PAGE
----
All posts in CSS

At one of my previous jobs we had a massive amount of CSS to handle; we had the global styles, then section/page specific styles and on top of both of those we had different styles for various versions of the application (as the same application and content ran many sites).

The solution we came up with was not too dissimilar to the one discussed in this months A List Apart article Progressive Enhancement with CSS and that article is well worth a read. But I also thought I’d write a little about the setup that we came up with and how it worked out for us.
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I’ve just read this interesting post on how to speed up your web application with an automated system for working with browsers cache for your assets (CSS, JavaScript, images etc.).

Previously I’ve used query strings parameters within asset requests so that they act as a ‘cache bust’ parameter, these have usually been the source control revision number and is built into the release process. But I’ve never taken the step of force an expiry date on content that can be cached and the solution in the post is a lot more fine grained than my previous solutions. Something to consider for the future.

I decided quite a while ago, probably about 18 months ago, that I wasn’t going to attempt to style form controls any more.

This was based on my personal experience and my personal preference – I think your average user appreciates being able to easily identify a text box, a form button etc. – as forms can be confronting beasts to some people. If you leave all the form controls in their default style in the users chosen browser then at least they can readily and quickly identify and understand them.
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Every time I start a new project I’m always trying to do things better than I did on the last project, it’s the way for all developers.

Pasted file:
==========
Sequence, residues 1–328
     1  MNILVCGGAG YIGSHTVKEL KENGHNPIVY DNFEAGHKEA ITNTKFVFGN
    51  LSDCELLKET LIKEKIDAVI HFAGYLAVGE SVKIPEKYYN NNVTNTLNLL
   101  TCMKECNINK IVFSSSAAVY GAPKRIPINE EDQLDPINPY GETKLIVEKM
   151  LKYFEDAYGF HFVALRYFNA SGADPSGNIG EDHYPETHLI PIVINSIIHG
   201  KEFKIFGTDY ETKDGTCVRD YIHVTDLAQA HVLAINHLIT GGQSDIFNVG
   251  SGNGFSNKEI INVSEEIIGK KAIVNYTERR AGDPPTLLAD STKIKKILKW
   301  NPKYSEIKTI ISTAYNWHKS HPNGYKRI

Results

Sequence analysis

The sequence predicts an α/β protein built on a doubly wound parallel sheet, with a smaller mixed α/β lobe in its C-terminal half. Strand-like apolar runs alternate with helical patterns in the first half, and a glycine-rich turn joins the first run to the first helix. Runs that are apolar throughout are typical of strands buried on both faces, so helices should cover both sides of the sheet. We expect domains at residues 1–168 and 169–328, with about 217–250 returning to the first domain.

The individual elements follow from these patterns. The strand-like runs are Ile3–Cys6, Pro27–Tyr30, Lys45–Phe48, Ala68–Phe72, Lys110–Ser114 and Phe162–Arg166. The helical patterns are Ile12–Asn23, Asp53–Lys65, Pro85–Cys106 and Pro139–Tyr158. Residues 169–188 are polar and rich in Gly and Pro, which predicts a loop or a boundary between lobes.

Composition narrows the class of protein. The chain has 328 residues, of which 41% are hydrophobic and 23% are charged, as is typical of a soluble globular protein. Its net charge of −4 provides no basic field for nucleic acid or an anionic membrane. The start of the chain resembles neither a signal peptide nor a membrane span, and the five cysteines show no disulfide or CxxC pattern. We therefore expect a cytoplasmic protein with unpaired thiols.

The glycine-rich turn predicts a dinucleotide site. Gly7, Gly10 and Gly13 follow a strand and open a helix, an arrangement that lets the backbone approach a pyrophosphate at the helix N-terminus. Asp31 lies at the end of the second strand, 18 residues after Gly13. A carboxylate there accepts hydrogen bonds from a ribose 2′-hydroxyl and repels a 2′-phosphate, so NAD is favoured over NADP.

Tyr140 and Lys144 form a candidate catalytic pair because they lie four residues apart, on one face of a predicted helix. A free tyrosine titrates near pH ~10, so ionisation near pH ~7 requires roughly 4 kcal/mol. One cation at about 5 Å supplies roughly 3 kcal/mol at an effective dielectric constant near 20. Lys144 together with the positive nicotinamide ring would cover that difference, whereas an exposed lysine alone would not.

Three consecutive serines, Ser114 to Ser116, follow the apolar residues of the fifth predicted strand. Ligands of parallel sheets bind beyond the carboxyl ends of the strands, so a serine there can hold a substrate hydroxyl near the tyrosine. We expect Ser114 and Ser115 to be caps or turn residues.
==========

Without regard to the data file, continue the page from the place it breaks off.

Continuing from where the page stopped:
One thing that has always bugged me is trying to get the base text size the same across all browsers, but now I’ve totally dropped the idea of supporting IE 5.5 ever again I thought it might be easier now.
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I’ve come across this problem before, where I want to hide the overflow of an element, this works fine in all browsers except IE – however it’s never been a problem in anything that I’ve progressed far enough with to worry about fixing it for IE.

Well this evening I came across the problem again, and found the solution – IE (I’m just looking at 6 here – not sure if 7 does the same) doesn’t like it when you have a position: relative; on the child (or possibly children) of an element which you have declared overflow: hidden;.

So in my case swapping that out for position: absolute; on the child and overflow: hidden; position: relative; on the parent worked a charm. Now IE 6 plays nicely like its other browser friends.

Last weekend I spent about 25 hours developing a prototype for a meeting we had with a potential client on the Monday. We started with a blank page at 9:00 a.m. on Saturday morning and by 10:00 p.m. Sunday we had a pretty much fully functioning prototype which had a great design (in my opinion) and all the functionality that we intended to demonstrate. Continue reading this entry »

I’ve been reading the 24 ways to impress your friends web developer tips on the run up to Christmas and the 21st article, Swooshy Curly Quotes Without Images, was quite timely for me as it is an effect I was going to include in my current project.

At first it looked quite promising, but upon experimentation it proved, for me at least, to be a little bit hit and miss to get it right in all browsers, and I must admit I gave up trying to tweak the margins and paddings quite quickly. But I liked the idea of not having to resort to using images for the large quotes, as I have done on previous attempts and began adding my own thoughts to the mix.
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I’m in the midst of resurrecting another of my old sites in which I’m using the old design but bringing the HTML & CSS up to scratch.

The design calls for the site to be a 760 x 420 pixel container centered both horizontally and vertically within the navigator.
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